Chile will head to a presidential runoff between the Republican Party's right-wing Jose Antonio Kast and the left-wing Gabriel Boric, candidate of the "I Support Reputation" alliance, in December.
The two leading candidates will contest the presidency on Dec. 19, after obtaining 27.9% and 25.8% of the votes respectively, after 98% of votes have been counted, according to the Chilean Electoral Service (Servel).
Almost 15 million Chileans are called to elect Sebastian Pinera's successor, who will take the reins of a country in turmoil after a social crisis broke out in 2019 when the Chilean people took to the streets to demand better health care, a quality education, and economic equity.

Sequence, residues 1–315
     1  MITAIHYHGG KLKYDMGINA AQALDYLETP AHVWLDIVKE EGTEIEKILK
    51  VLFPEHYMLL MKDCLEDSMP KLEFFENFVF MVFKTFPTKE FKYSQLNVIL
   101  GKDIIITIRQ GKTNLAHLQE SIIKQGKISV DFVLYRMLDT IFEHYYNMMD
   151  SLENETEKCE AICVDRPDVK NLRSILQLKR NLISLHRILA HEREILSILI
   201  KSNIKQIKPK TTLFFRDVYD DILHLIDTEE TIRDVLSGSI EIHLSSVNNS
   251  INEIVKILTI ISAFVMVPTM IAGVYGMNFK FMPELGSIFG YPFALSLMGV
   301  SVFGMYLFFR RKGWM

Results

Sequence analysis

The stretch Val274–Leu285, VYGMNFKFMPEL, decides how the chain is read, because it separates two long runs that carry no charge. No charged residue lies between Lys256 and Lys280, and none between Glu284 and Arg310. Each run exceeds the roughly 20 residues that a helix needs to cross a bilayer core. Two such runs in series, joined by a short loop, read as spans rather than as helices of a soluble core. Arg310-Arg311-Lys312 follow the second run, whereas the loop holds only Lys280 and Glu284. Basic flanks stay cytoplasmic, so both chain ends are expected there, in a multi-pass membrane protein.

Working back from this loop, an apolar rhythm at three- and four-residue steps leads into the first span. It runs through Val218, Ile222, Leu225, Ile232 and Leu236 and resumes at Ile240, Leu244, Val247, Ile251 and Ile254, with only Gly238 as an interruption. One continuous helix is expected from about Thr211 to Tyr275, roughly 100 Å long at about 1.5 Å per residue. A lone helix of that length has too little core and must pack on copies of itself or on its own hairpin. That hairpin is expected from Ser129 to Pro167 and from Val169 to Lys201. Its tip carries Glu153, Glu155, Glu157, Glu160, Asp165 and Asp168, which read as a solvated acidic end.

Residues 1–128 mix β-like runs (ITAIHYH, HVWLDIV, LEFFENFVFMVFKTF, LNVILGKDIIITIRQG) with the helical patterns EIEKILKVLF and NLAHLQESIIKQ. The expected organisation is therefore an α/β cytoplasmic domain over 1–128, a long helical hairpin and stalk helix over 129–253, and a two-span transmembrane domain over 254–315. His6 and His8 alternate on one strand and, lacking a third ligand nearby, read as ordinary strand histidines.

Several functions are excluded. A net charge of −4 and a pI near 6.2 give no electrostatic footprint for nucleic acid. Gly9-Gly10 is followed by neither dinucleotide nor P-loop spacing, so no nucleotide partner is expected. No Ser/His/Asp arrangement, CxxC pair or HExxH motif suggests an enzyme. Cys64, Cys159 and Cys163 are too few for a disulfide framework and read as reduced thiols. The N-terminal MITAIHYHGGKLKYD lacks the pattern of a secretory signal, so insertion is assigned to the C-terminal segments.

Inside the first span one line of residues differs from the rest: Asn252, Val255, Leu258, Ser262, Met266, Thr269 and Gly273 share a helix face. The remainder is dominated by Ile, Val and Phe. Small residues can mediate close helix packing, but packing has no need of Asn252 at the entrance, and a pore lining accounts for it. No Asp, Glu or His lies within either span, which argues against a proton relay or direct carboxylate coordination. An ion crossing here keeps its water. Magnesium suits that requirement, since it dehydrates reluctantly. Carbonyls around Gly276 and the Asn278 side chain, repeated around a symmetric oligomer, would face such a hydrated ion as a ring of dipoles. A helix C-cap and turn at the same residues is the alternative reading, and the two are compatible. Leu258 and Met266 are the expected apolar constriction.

More than 7.1 million votes were cast in the elections and the turnout rate was 47%.
Boric, a 35-year-old former student leader, who described himself as an environmentalist and feminist, represents many of the social movements behind the social protests. He has promised to implement a wealth tax, quality education, better pensions and to reduce the weekly working hours.
Kast, a 55-year-old lawyer and former deputy, who in the past has shown his sympathy for the dictatorship of Augusto Pinochet, has anti-immigration rhetoric and has spoken out against abortion. He has said he wants the Police to have the "right and duty" to confront vandals.